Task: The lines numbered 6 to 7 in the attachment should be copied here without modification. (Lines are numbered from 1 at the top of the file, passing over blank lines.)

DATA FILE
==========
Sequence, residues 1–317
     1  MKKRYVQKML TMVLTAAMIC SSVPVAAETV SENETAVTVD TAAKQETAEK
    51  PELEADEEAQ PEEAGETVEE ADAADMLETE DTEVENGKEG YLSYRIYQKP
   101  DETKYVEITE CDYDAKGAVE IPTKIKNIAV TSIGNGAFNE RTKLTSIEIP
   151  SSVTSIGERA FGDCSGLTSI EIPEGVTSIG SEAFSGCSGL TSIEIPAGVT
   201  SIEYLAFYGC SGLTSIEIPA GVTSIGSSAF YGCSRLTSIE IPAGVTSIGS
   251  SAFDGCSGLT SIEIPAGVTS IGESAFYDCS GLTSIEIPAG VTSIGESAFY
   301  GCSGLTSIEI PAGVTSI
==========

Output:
   201  SIEYLAFYGC SGLTSIEIPA GVTSIGSSAF YGCSRLTSIE IPAGVTSIGS
   251  SAFDGCSGLT SIEIPAGVTS IGESAFYDCS GLTSIEIPAG VTSIGESAFY